How do you define—and use—your “15-Minutes”?

Sometime in the future, we’ll have 15-minutes of fame. Attributed to Pop Artist, Andy Warhol.

 

Fifteen: __seconds is a quarter of a minute; __minutes is a quarter of an hour; __miles is 24 kilometers; __kilometers is 9 miles. I think the most “famous” of 15s is the one attributed to Warhol. He may not have actually phrased it, but it’s certainly part of his cultural brand.

Fifteen Minutes of Fame is also a music project created by composer-producer, Robert Voisey. That, in and of itself, is a fascinating enterprise.

Sir Richard Branson defines his 15-minutes as “me time,” time he finds in each day exclusively for himself in order to reconnect, re-energize, refocus, etc.

What can you do with 15-minutes all to yourself?  Some suggestions:

  • Write: in a journal [or start one]; a letter [to yourself, to someone that means the world to you, to someone who can influence positive changes, e.g.]; 15 words that bring a smile to your face
  • Learn and/or try: a new language [or improve on one that you last used in school or college]; to play an instrument; the practice of Yoga, meditation or Tai Chi; something, anything that you’ve wanted to explore, but it’s just out of your comfort zone
  • Turn your electronics off: and go outside and listen, engage your other senses of smell, touch, taste and sight

Reward yourself with a good thought, whatever that might be, and dwell on its possibilities…

 

Totalitarian Sentiments

 

Creating confluence, understanding & compromise 101. Photo: C. Centeno

We have met the enemy and they are us.  Circa 1960s: Walt Kelly from his comic strip, Pogo, in reference to the US involvement in Vietnam. The phrase is a variation from Naval Commander Oliver Hazard Perry whom, in the late 1790s said, “We have met the enemy and they are ours.”

Our sociological positions on culture, tolerance, honest communication, integrity, decorum and humility have fallen to new lows. Some of us—in particular those with the loudest and most obstinate of postures and voices—have created as well as promoted an intractable reality that has altered our ability and willingness to freely express our thoughts and feelings across many subjects.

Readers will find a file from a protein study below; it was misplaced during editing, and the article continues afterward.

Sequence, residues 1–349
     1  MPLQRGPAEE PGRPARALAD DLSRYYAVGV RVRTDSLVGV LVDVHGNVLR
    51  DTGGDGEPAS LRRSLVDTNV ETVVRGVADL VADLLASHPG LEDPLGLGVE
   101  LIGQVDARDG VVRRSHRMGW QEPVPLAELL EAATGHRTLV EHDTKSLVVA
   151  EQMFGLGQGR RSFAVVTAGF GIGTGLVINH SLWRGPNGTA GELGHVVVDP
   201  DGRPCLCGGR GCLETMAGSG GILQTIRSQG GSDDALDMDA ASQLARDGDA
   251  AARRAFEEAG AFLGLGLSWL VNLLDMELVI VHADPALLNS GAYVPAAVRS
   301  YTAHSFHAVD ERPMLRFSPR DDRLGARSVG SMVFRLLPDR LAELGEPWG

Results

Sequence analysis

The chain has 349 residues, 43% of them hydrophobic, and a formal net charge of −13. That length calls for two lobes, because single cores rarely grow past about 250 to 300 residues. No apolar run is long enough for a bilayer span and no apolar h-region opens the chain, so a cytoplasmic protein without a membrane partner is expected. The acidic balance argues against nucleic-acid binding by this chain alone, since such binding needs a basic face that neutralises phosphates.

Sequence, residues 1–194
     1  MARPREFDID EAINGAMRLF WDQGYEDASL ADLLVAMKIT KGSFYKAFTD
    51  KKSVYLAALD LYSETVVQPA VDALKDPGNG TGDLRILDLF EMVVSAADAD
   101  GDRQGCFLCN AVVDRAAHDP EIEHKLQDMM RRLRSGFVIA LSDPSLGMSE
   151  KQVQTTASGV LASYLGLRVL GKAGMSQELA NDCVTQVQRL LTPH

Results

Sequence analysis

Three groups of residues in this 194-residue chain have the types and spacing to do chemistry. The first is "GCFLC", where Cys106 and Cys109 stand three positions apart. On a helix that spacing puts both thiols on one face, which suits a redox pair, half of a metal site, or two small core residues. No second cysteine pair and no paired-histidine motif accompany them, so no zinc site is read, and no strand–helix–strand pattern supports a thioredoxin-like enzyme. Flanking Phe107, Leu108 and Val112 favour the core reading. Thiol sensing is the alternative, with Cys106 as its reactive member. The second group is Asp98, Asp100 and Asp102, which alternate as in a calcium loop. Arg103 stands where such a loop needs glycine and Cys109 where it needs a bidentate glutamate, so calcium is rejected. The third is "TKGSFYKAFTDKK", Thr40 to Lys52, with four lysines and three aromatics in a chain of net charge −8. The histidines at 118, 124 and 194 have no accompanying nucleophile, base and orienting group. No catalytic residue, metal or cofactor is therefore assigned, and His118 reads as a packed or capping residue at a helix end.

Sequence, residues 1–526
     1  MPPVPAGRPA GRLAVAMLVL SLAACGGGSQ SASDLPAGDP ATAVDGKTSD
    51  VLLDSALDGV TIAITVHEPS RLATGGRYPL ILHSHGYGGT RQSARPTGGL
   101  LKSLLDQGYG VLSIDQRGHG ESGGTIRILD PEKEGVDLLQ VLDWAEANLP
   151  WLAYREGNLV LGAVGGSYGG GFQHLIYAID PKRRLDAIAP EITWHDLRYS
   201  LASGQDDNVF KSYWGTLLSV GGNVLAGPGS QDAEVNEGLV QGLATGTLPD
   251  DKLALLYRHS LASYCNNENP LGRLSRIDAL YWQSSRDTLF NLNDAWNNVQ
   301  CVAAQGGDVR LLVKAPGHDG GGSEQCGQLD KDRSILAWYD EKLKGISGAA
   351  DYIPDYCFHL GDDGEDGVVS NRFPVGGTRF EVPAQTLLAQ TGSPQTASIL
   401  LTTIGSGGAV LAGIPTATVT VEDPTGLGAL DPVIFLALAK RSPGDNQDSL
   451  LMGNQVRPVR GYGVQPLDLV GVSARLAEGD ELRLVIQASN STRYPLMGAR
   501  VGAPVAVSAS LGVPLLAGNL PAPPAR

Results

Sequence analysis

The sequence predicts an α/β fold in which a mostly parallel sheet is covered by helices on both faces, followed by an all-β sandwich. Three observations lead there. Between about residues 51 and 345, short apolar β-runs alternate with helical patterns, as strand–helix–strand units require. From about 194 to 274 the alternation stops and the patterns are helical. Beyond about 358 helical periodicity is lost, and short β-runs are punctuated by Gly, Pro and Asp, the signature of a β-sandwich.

Fueled by emotion, group think, individual perceptions and more, it’s become de rigueur to put someone down [shouting, shaming, name calling, e.g.] just to make a point. What concerns me is while someone can possibly make a point, the counterpoint is summarily dismissed. Its dismissal is total, a product of a scorched earth mentality that leaves no room for perspective, for critical thinking and even a chance, however small, to understand the meaning of the counterpoint let alone the person or persons expressing the counterpoint.

We not only agree to disagree, but we do so in disagreeable fashion. We create diatribe instead of discussion, insults in lieu of perspectives, bombast as proper elocution.

I leave you to ponder on William Faulkner:

“I believe that humankind will not merely endure: we will prevail. We are immortal, not because we alone among creatures have an inexhaustible voice, but because we possess a soul, a spirit capable of compassion and sacrifice and endurance.”

Wanderings 2

According to noted author, Joseph Hilaire Pierre René Belloc, “we wander for distraction and travel for fulfillment.” I suppose combining both then becomes photography. There are distractions that are worth photographing and there’s a sense of fulfillment when I travel. It could be far flung or just around the corner. In either case, both distractions and fulfillment find a place in what you see, hear, feel and smell during your promenades.